Last Updated on December 6, 2021 by Christine Kaaloa
Going on a safari to observe and film wildlife was something I never imagined for myself. It was an adventure I felt was reserved for characters in Hollywood movies or National Geographic.
But from night safaris, river safaris, jungle and wildlife safaris my hunger and vocabulary kept expanding… the opportunity to film wildlife in its natural habitat is magical, unpredictable and thrilling. You don’t know what wildlife will do and so you want to be prepared and able to capture the moment with your camera. So I’m sharing wildlife safari photography tips and what to bring on a safari.
15 Tips to Filming Wildlife on a Safari
1. Know your Camera before your Safari
Know our camera before doing your safari. You will not have time to figure out your camera during the safari shoot. Wildlife spotting happen quickly and you don’t want to be fidgeting with settings. If you try, you may end up missing beautiful experiences. Ask yourself the the tough camera questions beforehand, so you can do your research.
In a quick pinch- throw your camera on Auto (Focus/ Exposure/White Balance).
2. Prep your camera equipment gear the night before
Prepping your gear the night before helps you mentally prepare for your safari shoot. Go through the list of your equipment and know what you’ll bring in your gear bag. Be selective and keep your gear to the essentials. You want quick unobstructed access to gear in case you are flipping between DSLR, mobile phone, lenses. If you’re packing a jacket or snacks, keep them in a separate pocket. Have fresh batteries and memory cards ready to go.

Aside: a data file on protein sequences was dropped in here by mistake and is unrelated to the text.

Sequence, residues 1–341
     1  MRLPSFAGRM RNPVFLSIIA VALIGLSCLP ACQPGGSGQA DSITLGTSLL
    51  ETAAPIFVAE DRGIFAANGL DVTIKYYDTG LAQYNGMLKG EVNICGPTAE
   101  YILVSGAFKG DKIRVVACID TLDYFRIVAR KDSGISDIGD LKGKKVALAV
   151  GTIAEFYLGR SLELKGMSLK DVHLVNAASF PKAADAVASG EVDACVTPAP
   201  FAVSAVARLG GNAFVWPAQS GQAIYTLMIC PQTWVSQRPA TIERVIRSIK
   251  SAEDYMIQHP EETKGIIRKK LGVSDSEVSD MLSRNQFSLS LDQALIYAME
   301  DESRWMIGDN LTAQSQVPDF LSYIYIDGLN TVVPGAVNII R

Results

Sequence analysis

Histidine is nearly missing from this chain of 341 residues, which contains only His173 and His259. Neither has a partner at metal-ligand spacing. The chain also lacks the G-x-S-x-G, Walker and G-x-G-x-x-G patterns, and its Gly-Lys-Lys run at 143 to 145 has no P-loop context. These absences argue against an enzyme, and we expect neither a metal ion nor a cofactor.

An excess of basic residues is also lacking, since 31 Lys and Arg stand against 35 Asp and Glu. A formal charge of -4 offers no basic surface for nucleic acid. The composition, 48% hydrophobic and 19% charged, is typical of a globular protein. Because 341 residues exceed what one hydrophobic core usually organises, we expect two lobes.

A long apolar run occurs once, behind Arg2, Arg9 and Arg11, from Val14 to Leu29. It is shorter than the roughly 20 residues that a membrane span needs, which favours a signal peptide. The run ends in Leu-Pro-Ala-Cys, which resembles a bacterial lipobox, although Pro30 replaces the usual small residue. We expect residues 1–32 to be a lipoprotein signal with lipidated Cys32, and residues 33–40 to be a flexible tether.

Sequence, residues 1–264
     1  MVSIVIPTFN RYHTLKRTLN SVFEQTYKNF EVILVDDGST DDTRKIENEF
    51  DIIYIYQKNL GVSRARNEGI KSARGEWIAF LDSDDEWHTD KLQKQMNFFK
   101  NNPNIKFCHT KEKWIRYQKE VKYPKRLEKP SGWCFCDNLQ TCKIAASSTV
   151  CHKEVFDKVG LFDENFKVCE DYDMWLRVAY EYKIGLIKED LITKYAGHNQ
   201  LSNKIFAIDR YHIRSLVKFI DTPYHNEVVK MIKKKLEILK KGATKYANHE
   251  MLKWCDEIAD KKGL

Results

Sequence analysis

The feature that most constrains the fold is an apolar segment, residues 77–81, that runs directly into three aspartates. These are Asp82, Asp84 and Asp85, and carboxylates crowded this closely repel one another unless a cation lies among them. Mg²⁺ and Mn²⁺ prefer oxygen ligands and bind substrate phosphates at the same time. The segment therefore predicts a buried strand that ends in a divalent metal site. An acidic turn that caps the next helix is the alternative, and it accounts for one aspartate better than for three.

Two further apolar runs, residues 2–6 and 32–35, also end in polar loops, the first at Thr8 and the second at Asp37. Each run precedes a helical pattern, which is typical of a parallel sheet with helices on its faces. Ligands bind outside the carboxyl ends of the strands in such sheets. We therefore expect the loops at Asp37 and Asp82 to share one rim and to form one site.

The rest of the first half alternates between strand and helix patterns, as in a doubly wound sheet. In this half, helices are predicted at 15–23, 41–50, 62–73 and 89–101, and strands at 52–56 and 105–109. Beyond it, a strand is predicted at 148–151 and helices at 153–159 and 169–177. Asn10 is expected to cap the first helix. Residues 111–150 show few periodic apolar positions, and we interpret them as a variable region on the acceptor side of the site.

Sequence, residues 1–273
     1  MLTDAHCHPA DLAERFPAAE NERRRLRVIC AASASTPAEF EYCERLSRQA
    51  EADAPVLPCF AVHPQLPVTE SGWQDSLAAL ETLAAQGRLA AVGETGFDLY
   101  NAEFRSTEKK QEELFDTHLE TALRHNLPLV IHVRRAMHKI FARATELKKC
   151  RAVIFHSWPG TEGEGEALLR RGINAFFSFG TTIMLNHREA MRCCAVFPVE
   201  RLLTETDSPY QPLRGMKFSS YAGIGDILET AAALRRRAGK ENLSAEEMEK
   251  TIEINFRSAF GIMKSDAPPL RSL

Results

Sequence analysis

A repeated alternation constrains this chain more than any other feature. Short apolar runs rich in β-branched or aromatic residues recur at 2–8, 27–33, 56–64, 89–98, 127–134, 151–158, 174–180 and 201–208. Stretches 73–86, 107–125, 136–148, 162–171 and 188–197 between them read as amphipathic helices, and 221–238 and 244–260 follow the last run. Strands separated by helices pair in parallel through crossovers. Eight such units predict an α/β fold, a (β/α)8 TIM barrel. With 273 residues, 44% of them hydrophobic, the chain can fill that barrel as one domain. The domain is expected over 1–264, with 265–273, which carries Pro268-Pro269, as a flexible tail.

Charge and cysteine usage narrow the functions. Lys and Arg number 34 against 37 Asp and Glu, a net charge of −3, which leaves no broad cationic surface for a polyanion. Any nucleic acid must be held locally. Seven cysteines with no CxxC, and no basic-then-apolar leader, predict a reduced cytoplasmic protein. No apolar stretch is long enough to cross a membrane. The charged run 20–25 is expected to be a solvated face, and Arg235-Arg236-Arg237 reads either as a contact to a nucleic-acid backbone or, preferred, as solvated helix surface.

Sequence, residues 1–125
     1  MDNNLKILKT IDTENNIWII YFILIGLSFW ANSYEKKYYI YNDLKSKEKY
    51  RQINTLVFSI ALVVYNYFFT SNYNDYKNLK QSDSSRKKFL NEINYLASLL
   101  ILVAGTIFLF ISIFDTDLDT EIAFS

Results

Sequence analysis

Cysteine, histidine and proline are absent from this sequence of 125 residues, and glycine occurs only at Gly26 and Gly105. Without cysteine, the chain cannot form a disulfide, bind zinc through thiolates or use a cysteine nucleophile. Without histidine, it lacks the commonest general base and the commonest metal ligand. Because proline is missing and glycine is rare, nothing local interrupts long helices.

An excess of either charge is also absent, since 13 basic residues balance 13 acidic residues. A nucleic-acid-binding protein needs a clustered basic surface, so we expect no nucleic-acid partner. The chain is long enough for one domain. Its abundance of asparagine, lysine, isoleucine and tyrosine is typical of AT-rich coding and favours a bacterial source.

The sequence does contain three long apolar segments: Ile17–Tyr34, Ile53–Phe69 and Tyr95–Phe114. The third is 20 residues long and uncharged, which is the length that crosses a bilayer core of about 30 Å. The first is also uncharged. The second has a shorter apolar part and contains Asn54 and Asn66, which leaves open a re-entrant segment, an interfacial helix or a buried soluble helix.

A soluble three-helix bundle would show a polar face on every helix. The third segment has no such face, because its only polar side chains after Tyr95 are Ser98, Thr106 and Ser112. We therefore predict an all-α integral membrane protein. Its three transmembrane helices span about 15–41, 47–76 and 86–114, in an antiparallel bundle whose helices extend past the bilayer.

Know which camera and lenses will you take and what are their go-to purposes for travel vlogging their safari? Know how to operate your camera and the best dedicated settings you want to use.
It is recommended to know as much as you can about your safari operator and environment before the day of your safari. You want to be prepared for the environment and the animals you will most likely see.
You may not have time to fiddle with settings, so know or preset some of your settings in advance.
Check out 11 Best Cameras for Travel Videographers
3. Bring a Zoom Lens
If there’s one lens you’ll want to pack for a safari, it’s a versatile zoom lens. I take a 70-300mm zoom lens. I’ve used my zoom lens in a variety of ways from street photography to travel portraits as well as zooming for a close up of monkeys in the trees.
4. Know how your safari operates
Know how the safari company how it operates. Will the safari jeeps be covered to protect you from sun or will they be open-roofed? On a sunny and hot day, that is three hours of sun beating down on you. If it is a night safari, do they offer flashlights and headlamps?
Most safari companies provide the bare essentials for a comfortable safari experience. But they won’t always tell you what to prepare for in the environment.